A Short Story Analysis: "Girl" by Jamaica Kincaid

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Jamaica Kincaid, born Elaine Potter Richardson, is originally from St. John's, Antigua (Britannica). She was born in 1949 and three years later she had learned to read by attending local schools which provided a british style education (Britannica). Her father was a cabinet maker and her mother was a political activist (Britannica). By the age of sixteen, she left her home in St. John's to come to America and be an au pair in Manhattan (Garner). She however felt that being an au pair was synonymous with being a slave (Garner). She soon began looking for other types of work which would allow for more creativity (Garner). She said that "I began writing in my early twenties out of desperation" (Faulkner). Her first published piece of writing was in a magazine called Ingenue and it was an interview with feminist Gloria Steinem (Britannica). Sometime after this publication, in 1973, she legally changed her name to Jamaica Kincaid to reconnect with her Caribbean roots (Britannica). From there she became the assistant of George Trow who wrote "talk of the town" for The New Yorker (Garner). Later it came to the attention of William Shawn, the editor of The New Yorker, that she had exceptional talent and hired her to be a staff writer (Garner). In 1979 She married Allen Shawn, the son of William Shawn (Garner). Writing for The New Yorker is where she found her true style of writing (Garner). She actually stayed with the magazine until 1995 when she became unhappy with the new editor, Tina Brown, and left (Britannica).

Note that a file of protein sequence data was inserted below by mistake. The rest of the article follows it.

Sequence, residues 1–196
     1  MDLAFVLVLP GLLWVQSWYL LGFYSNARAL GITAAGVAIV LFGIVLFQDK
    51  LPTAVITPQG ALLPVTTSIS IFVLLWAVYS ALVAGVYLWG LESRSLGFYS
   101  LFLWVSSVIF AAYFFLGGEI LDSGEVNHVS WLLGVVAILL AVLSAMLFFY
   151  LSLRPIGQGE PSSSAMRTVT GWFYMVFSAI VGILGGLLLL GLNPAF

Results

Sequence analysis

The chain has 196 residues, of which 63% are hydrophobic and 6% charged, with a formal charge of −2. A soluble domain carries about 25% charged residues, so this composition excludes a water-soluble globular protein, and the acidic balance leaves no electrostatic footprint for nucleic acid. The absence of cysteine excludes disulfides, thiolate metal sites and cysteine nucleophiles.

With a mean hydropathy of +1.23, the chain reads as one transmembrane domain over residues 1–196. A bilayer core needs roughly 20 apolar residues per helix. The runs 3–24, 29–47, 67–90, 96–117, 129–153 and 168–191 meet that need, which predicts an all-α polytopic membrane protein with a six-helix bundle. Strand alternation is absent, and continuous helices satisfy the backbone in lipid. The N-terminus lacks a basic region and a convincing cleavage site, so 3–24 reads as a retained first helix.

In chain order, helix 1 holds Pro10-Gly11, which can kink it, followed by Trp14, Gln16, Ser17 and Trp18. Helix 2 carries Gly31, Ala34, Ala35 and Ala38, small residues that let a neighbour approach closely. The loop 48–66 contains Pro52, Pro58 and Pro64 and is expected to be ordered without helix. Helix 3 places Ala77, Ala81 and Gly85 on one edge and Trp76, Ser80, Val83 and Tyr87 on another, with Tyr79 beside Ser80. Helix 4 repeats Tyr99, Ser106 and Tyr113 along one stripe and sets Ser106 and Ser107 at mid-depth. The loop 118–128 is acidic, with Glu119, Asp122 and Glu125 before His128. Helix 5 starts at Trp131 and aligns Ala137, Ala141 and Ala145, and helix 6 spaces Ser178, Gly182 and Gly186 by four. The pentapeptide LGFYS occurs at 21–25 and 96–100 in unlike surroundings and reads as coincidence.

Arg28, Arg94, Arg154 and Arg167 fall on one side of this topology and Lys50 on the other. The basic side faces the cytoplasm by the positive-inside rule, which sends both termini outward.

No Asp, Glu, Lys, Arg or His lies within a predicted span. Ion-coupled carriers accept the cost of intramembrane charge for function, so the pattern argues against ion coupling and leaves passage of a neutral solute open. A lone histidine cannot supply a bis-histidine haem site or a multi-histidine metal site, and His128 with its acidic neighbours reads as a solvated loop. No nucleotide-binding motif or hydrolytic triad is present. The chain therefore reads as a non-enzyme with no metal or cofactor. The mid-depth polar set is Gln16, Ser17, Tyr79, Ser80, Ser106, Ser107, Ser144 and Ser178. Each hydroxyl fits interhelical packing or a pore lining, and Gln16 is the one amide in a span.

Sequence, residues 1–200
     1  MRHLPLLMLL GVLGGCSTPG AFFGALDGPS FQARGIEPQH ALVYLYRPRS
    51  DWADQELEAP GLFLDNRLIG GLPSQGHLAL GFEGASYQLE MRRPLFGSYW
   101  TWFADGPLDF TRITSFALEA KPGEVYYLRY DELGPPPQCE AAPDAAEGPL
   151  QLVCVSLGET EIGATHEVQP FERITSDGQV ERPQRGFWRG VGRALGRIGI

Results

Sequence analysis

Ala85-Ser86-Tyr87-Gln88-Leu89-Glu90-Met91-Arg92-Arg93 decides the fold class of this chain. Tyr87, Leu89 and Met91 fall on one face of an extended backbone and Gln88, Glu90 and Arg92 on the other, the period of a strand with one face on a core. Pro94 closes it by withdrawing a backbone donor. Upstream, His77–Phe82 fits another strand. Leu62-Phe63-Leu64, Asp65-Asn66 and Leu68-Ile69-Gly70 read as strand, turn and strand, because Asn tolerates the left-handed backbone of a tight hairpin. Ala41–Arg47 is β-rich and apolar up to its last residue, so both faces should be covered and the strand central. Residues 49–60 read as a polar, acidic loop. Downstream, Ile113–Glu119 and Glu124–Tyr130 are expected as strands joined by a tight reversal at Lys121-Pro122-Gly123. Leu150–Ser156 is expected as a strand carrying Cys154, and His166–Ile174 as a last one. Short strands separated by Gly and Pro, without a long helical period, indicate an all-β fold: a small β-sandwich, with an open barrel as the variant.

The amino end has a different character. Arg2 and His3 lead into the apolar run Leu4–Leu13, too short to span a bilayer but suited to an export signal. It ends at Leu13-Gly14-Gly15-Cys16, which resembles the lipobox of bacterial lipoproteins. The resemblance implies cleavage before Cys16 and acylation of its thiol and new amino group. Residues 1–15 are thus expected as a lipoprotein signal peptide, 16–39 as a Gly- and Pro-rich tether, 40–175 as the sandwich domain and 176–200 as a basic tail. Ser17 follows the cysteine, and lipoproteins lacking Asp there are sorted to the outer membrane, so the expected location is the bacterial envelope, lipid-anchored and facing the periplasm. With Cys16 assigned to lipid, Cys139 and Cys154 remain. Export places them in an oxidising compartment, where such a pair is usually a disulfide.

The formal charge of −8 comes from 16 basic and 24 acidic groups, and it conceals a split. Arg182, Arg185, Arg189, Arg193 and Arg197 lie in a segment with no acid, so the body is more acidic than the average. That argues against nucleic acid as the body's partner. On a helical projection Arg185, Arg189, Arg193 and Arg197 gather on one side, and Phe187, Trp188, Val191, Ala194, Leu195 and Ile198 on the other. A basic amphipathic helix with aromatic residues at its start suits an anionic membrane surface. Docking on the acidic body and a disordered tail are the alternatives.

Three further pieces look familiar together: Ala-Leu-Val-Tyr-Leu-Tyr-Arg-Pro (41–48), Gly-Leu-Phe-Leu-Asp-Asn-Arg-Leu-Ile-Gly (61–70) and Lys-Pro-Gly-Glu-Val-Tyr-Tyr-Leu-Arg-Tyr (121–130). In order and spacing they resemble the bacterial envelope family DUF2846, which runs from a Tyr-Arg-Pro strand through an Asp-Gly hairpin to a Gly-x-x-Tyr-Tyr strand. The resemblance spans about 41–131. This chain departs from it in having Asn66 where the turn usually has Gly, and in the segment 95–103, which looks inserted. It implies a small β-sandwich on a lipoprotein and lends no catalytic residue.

1Some of her writings from her early days up through recent times are "Girl", "At The Bottom Of The River", "Annie John", "A Small Place", "Lucy", "The Autobiography Of My Mother", and "My Brother". "Girl" was written in 1978 and was her first fiction story, it focussed on her relationship with her mother. "At The Bottom Of The River" was written in 1983 and was a collection of short stories and reflections. "Annie John" was similar to an autobiography...
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